Thursday, July 1, 2010

Don't choose ignorance

A couple of nights ago, my husband, Itinerant Cryptographer, and I were debating the current state of American politics.

"I just wish there was an up-and-coming environmentally-aware presidential candidate," I lamented. "The last one we had was Al Gore, and I'm not sure he would have made a great president."

We proceeded to dissect several recent prominent political figures. With my green-leaning views and his Libertarian ones, we diverged on several points.

"I think he was stupid," I declared, describing a politician rather bluntly.

Itinerant Cryptographer disagreed. "He was ignorant on the issues," my husband said. "I think he could have understood them if his advisors had allowed it."

Ignorance. We imbue the word with disgust, but what does it really mean?

Merriam-Webster defines ignorance as "the state or fact of being ignorant: lack of knowledge, education, or awareness.

So let's face facts: there's no shame in being ignorant. No one can know everything. But when we refuse to examine new ideas or learn new things, we are choosing to remain ignorant. Ignoring the issues doesn't make them go away.

There are certain subjects - foreign policy, how a camera works, proper use of a compass, how to diagram a sentence* - that are going to send me straight to a text book or even a children's encyclopedia. It might feel embarrassing to me - how can I not know what fuels the trains that run behind my house? - but there is no shame to not knowing the answer. Everyone has to start somewhere.

Life is a learning lesson. I truly believe that our job is to learn, ponder, and use our newly-acquired knowledge to leave the world a better place than we found it.

Photo credit: Leon Brooks,

* My nine-year-old learned to diagram sentences in the third grade. Despite my two college degrees and scads of English classes, I never learned to do this. My husband had to help our son with his homework because it baffled me. But now that I've written this post (despite my firm desire to remain ignorant on this subject!), I am going to go to my son and have him teach me how to diagram sentences. I don't want to be a hypocrite!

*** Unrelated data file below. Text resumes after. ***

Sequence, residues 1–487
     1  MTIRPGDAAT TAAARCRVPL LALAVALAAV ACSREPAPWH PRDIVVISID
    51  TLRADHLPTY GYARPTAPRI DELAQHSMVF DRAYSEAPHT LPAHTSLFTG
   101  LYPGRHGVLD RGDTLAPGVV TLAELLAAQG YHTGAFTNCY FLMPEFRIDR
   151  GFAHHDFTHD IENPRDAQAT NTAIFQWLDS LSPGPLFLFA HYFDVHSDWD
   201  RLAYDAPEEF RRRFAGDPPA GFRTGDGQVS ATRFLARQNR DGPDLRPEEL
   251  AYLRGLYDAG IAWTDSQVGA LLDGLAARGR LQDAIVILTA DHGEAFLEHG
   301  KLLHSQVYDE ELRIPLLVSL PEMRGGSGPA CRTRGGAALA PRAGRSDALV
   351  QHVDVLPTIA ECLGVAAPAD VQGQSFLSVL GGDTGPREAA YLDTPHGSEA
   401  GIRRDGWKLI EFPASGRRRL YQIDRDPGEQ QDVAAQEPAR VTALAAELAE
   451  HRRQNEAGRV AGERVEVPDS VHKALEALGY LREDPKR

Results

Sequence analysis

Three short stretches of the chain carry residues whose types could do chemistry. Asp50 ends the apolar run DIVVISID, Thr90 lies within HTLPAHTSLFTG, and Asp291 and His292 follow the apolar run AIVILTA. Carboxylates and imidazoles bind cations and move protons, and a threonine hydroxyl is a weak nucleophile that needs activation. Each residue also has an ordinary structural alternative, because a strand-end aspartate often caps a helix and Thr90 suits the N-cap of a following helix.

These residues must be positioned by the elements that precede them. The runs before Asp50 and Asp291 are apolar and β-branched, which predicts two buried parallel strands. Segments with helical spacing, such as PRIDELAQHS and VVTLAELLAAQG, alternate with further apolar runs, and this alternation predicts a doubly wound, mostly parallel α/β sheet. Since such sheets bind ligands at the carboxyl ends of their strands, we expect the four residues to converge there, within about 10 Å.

What are you going to learn today?


cachestarhouse said...

The part that scares me was what your husband said: "I think he could have understood them if his advisors had allowed it."

If advisors are deciding what a presidential candidate can learn about, then who are we really voting for?

CricketB said...

I think your husband was half-right about the advisers not allowing him to learn. The other half is that the populace wouldn't trust a politician that actually admitted to understanding something they didn't.

People who don't know something undervalue the knowledge. They're cutting statistics from some science degrees because it's a difficult subject. That leaves us with researchers (and doctors) who don't know how to interpret a positive result from a test with a high false-positive rate for a low-risk patient.

Try Kipling's poem The Son's of Martha. His brother was an engineer and Kipling understands the pride and responsibility. I don't know if he'd have been so caring of the sons of Mary if he'd realized what idiocy their leaders would start spouting.

As for diagramming sentences, I've learned it a few times, and gotten top marks each time. Then I had to relearn it for the next teacher, because she changed the answers.

jublke said...

Thanks for your thoughts, cachestarhouse & CricketB. In my most idealistic view of science, I trust that we can each share our knowledge in an inclusive way and build bridges. Unfortunately, I have to accept that people build barriers to knowledge as well. This occurs on both sides - those with knowledge who use barriers to control people and those who refuse to learn about something for fear that they might be manipulated. P.S. I still haven't learned to diagram a sentence. Oops!